Atheists advertise Alpha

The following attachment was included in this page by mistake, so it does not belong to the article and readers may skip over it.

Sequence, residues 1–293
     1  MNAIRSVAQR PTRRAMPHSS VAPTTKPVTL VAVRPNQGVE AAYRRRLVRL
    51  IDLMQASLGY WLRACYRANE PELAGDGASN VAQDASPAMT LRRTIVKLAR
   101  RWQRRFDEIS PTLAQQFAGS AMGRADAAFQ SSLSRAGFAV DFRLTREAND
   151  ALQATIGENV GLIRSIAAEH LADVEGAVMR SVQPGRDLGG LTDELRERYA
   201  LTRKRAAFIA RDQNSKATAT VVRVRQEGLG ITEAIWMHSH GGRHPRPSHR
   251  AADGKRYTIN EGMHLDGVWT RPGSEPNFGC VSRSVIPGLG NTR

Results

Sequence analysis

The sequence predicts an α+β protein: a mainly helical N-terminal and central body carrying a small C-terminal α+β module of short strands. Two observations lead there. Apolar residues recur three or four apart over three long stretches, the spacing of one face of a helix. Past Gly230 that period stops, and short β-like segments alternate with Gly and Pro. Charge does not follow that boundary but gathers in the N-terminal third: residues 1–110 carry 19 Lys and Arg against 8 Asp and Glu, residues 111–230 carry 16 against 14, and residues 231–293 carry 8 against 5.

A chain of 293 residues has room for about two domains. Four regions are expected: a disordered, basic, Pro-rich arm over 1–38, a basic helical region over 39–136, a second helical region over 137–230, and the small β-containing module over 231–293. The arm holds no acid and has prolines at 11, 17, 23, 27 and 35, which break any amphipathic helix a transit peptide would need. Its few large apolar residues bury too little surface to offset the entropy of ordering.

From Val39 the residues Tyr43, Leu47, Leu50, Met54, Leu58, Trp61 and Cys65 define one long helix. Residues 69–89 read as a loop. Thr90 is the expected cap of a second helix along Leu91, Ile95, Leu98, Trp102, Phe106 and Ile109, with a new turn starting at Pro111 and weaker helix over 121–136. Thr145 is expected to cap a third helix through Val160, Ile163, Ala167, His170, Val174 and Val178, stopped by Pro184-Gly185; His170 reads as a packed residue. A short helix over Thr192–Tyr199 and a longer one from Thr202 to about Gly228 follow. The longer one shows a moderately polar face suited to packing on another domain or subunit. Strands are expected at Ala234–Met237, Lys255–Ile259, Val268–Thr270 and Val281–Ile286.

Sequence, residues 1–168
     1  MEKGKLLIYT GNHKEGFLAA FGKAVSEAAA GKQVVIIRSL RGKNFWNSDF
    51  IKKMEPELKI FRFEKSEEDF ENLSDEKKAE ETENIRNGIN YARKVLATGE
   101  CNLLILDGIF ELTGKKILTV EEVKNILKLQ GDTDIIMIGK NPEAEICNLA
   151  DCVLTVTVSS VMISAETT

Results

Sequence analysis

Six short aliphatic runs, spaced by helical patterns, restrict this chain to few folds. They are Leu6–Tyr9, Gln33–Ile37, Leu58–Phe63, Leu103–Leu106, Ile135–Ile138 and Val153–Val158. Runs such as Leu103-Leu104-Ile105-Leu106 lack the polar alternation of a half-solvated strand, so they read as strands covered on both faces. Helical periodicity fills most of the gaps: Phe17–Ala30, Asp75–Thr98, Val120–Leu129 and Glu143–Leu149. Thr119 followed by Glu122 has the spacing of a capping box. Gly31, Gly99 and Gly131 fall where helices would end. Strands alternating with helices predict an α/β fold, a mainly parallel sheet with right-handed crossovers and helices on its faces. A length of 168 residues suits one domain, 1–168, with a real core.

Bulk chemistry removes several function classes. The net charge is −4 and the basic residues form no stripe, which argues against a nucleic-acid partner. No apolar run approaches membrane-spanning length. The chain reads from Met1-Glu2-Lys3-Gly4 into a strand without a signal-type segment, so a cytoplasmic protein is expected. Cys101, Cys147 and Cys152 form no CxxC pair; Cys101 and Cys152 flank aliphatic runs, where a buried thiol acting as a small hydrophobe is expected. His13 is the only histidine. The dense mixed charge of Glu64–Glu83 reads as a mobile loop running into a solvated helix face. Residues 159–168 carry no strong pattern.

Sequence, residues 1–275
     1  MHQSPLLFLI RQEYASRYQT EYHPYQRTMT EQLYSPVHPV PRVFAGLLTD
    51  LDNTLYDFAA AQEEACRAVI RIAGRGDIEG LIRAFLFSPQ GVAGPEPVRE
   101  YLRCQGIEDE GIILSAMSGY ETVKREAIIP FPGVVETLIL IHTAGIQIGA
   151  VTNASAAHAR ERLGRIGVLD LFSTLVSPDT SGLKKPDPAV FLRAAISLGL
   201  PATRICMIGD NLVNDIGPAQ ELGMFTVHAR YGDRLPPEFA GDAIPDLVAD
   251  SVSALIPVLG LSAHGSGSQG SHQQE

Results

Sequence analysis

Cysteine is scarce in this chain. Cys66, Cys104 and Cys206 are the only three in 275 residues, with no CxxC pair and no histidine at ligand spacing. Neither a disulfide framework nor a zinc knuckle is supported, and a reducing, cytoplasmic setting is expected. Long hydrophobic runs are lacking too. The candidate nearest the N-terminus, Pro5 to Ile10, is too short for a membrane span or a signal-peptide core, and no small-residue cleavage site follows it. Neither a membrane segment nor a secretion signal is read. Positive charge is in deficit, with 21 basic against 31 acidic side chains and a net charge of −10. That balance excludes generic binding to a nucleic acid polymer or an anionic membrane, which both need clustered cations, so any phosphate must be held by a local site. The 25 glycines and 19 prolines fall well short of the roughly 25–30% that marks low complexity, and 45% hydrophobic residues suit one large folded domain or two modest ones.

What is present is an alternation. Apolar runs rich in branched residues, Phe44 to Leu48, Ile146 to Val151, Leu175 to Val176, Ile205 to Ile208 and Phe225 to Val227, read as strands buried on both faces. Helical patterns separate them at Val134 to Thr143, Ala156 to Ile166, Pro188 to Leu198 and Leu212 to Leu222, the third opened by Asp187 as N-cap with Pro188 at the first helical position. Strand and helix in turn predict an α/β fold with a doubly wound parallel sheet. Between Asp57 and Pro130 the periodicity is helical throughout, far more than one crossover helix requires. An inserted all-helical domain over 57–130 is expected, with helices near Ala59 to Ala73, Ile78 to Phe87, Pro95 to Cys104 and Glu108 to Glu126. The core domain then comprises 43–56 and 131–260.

atheist-advertising-campa-001“There’s Probably No God. Now Stop Worrying And Enjoy Your Life” is the slogan of an atheist bus campaign launched in January around the UK. The campaign was financed by public donations to a fund administered by the British Humanist Association as well as a substantial payment made by Richard Dawkins, author of The God Delusion, in fulfillment of his pledge to match a portion of the contributions made by the public. Many Christians have heralded the coming of the apocalypse because of this first ever UK atheist advertising campaign. I don’t get what all the uproar is about. I say “Thanks atheists”. This campaign serves to keep the question of God alive. In the wise words of minister, author and theologian Nicky Gumbel, the rant of the atheists is free advertising. Numerous press articles discussing the controversial campaign nonchalantly make mention of the fact that the athiest campaign is a reaction to a bus campaign advertising the Christian run Alpha course. Ariane Sherine, mastermind behind the atheist bus ads, in an article entitled All aboard the atheist bus campaign published in the Guardian, states: “As you read this, a new advertising campaign for Alpha Courses is running on London buses. If you attend an Alpha Course, you will again be told that failing to believe in Jesus will condemn you to hell. There’s no doubt that advertising can be effective, and religious advertising works particularly well on those who are vulnerable, frightening them into believing. Religious organisations’ jobs are made easier because there’s no publicly visible counter-view to refute their threats of eternal damnation”. So perhaps Alpha is scorned and tossed aside but Alpha still entered the consciousness of many – and that is something rather than nothing. What’s that thing they say about negative press? Alpha is being mentioned more than ever, without the help of a costly press campaign. Bonus. Lets deconstruct the campaign slogan: “God probably doesn’t exist” – the word probably (synonym: in all likelihood) says a great deal. Observe the following statements: “I probably locked the front door”, “I probably turned the oven off”, “I probably passed my exam”. So, probably tells me that I will take another look at my front door, have a second glance at my stove and check out my exam results when they are available. Probably is just not very convincing. Columnist for The Times and “confirmed atheist” Matthew Parris, in December of last year, wrote an article entitled As an atheist, I truly believe Africa needs God, following a trip to Malawi. Parris states “I’ve become convinced of the enormous contribution that Christian evangelism makes in Africa: sharply distinct from the work of secular NGOs, government projects and international aid efforts. These alone will not do. Education and training alone will not do. In Africa Christianity changes people’s hearts. It brings a spiritual transformation. The rebirth is real. The change is good”. I ask, why should London be any different? With Alpha attendance up by 25 percent at Gumbel led church Holy Trinity Brompton, perhaps the indication is that there is no difference.